Cambrian college, a Canadian university based in Sudbury, Ontario, recently fell victim to a severe ransomware attack which disabled the majority of the functions and services designed for students and professors of the university.
According to the representatives of Cambrian college, the ransomware specifically targeted servers and databases of platforms used by students and professors throughout the school year. Although it is still undisclosed whether this attack was purposely carried out on the students and college faculty members, one of the faculty members told a local publication that the hacker behind the ransomware attack most likely had a full understanding of the school’s infrastructure and internal IT system.
“This was a very carefully planned attack. The virus knew exactly which program codes to hit and cause the most damage to the school’s reputation, student marks and records, student on-line work and presentations, all online courses, email servers, basically anything academic related. It did not strike Human Resources, Finance or Administration, far easier targets in general, and could tie the school up financially. This sounds more like revenge than a money grab,” the faculty member said.
For the most part, the claims of the faculty member is accurate. If ransomware encrypts the servers and databases wherein sensitive and confidential material of the college is stored, such as financial data and administrative information, it can have a much larger impact on the institution and could gain a better leverage to demand payments with.
However, by targeting the platforms used by students and professors, the hacker prioritized on the enforcement inconvenience to the school community. Due to the ransomware attack and the university’s decision to not settle the 30-bitcoin ransom payment, which is equivalent to around $45,000 at the time of reporting, most of the servers which students and professors rely on were encrypted and important information such assignment deadlines, grades and comments of professors were locked.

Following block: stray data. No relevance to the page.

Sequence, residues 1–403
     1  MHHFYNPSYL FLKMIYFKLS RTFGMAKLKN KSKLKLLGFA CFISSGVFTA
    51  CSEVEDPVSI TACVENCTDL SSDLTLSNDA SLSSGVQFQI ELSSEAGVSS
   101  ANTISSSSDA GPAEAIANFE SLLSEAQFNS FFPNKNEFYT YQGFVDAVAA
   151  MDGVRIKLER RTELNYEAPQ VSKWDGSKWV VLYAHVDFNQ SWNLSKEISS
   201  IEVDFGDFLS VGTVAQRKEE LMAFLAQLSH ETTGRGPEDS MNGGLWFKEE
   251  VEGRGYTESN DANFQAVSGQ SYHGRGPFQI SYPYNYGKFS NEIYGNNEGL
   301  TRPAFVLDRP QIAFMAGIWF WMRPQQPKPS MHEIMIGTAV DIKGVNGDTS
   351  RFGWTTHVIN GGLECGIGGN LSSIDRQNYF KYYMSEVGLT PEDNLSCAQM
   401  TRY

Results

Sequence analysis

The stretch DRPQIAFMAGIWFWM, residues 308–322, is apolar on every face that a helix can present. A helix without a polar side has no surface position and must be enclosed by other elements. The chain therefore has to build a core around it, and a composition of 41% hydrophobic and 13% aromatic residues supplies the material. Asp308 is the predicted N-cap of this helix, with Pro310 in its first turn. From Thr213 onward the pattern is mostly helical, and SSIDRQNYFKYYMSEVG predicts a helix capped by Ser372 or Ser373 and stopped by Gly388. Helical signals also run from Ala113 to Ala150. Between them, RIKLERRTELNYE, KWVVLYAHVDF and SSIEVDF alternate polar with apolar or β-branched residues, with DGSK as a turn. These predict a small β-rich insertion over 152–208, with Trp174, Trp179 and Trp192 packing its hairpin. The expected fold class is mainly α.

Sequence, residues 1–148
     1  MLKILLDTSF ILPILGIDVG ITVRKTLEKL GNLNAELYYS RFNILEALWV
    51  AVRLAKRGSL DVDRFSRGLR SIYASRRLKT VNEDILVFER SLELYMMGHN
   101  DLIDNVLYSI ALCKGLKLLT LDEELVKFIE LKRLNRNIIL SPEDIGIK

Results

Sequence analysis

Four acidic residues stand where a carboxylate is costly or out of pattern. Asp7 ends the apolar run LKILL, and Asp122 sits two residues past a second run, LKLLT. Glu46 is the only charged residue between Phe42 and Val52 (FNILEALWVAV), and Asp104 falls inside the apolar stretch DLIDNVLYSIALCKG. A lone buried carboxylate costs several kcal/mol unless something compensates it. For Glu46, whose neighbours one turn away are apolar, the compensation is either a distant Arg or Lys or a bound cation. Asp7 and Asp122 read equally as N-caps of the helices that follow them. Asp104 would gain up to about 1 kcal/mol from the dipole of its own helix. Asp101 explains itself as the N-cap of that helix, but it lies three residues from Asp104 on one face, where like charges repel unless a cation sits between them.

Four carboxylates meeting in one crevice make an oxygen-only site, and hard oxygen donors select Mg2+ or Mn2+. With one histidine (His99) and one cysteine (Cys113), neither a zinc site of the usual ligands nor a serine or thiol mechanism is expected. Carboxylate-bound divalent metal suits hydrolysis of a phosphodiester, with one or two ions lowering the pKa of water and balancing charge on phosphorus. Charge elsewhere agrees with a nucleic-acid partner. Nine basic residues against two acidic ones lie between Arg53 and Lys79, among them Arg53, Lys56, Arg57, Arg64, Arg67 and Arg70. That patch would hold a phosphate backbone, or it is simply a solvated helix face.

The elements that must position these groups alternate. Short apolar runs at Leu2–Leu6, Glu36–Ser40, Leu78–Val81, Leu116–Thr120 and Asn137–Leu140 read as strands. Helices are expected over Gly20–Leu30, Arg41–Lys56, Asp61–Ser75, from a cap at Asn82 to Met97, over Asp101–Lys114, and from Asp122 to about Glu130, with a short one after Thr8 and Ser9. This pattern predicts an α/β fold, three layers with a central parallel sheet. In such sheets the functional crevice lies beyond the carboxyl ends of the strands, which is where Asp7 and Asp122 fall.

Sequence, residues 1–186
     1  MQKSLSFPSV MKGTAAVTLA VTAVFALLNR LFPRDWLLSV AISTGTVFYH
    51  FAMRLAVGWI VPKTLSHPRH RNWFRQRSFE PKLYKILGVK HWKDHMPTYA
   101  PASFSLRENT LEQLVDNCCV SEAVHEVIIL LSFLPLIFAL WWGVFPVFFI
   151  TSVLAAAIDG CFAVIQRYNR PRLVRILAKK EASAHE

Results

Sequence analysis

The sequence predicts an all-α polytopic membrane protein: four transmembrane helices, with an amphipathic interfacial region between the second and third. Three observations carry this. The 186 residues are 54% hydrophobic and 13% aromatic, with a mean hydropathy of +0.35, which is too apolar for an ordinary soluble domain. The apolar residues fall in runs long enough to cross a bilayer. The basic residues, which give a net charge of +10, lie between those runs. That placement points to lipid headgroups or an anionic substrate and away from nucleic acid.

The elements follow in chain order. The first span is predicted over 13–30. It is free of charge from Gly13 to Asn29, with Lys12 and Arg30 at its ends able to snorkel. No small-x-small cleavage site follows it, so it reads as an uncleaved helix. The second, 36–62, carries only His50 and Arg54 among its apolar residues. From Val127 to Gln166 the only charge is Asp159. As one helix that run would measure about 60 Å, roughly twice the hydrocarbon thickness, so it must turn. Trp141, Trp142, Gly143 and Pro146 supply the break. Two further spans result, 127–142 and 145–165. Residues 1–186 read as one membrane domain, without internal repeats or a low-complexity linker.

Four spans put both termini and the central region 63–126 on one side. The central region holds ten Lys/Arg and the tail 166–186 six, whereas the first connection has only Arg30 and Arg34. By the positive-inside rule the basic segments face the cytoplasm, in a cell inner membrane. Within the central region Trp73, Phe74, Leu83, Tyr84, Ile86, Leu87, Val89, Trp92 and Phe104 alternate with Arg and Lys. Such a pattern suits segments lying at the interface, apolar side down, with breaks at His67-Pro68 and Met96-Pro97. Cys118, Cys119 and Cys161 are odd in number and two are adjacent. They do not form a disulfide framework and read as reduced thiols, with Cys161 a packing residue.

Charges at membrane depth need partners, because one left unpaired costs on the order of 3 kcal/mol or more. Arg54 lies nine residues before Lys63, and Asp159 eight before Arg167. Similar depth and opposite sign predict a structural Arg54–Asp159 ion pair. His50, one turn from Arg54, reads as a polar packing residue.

As a result, new deadlines were set and professors were asked by the university to re-grade the students accordingly.
Rick Daoust, chief information officer, Cambrian College, stated:
“Ransomware is a virus that installs itself on your system and it attacks any files that it can access and encrypts them so you can no longer open them. It asks for a payment in order to get a key so that you can access your files again. As of right now we have no knowledge of the origin of this hack but we know that it was a deliberate action that bypassed our security system.”
Daoust admittedly told BayToday, a Canadian publication, that one of the students attending Cambrian college was previously targeted by a ransomware attack in the past. However, the university did not closely investigate the case and dismissed it because it thought it couldn’t affect a larger ecosystem of servers and databases.
He further emphasized that the concept of ransomware and bitcoin payments are outside of the university and his area of expertise. Daoust confirmed with BayToday that the university and an investigative team will closely look into the case to ensure that such event does not occur in the future.
“It’s a bit outside of my area of expertise but these payments would be done through the dark web (a part of the web that is only accessible through special software, where users are anonymous and untraceable), so it’s not as simple as just tracking a payment address. We’re going to have to review our security once this is all sorted out and open an investigation to find out the source of this virus. We’ve never had to deal with something like this so I just want to thank students and staff for being patient while we work to get things back to normal.”
As DeepDotWeb reported in October of 2016, a new research initiative revealed the education industry is targeted the most by ransomware attacks. According to security ratings provider BitSight, 13 percent of education providers and institutions are hit with ransomware attacks on a regular basis. In order to build resilience toward these attacks, universities must ensure that databases, servers and files are backed up and secured.